2014 - 2016
Infection biology in fish: Understanding Spironucleus infections of salmonids
This is a cooperation beween Uppsala University, Cell-and molecularbiology and SVA with professor Staffan Svärd as main applicant.
The fastest growing food sector in the world is aquaculture, with salmon and carp being the two most important fish species used in fish farming. Infections are well-known problems in fish farming, involving viruses, bacteria and parasites. Spironucleus salmonicida is a parasitic, eukaryotic microbe known to cause severe systemic infections, spironucleosis, in farmed salmonids. Treatment is currently not possible, making studies of diagnostic, drug and vaccine targets important so that spread can be limited. We will use an infection biology approach to identify virulence genes in S. salmonicida and to understand the hostpathogen interaction during parasitic infections of salmonids. We will sequence the genome of S. salmonicida and other Spironucleus spp. infecting fish. The genomic information will be used for studies of gene expression changes in host cells and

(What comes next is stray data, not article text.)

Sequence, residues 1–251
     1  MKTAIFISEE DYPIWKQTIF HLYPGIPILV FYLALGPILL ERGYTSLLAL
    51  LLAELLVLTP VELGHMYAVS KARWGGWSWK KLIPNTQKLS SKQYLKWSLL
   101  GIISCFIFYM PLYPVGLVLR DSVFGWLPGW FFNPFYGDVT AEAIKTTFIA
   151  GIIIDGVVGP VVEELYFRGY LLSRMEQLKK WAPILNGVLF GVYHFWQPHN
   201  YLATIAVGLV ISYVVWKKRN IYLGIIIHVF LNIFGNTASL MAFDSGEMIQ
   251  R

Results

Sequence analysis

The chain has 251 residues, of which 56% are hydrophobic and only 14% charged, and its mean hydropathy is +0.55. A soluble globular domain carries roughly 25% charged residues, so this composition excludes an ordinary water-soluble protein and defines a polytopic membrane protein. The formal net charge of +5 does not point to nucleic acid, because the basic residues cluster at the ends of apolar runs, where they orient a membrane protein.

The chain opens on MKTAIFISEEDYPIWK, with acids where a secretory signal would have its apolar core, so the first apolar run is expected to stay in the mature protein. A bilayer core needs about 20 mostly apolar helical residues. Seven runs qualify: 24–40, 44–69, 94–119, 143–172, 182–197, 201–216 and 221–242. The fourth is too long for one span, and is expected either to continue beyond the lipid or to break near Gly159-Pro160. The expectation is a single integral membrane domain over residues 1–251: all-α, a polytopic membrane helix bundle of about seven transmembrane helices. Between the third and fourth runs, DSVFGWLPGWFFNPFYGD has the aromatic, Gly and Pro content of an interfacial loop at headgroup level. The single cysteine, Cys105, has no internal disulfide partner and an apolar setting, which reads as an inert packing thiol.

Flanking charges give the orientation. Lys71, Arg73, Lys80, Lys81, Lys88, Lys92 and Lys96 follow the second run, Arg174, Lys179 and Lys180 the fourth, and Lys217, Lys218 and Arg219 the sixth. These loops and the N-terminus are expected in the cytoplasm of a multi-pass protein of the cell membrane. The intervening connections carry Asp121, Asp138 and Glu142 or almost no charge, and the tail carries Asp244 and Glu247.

parasites during early stages of S. salmonicida infection in vitro. This will be complemented by investigations of host and parasite responses during Spironucleus infection in live salmonids and zebrafish. The project will generate tools to follow spironucleosis in wild and farmed fish and it will reveal targets for treatment. This will be important for development of aquaculture in Sweden and in the rest of the world. It will also generate unique insights into key components of the fish immune system and we will create an interdisciplinary platform for further studies of fish infections in Sweden.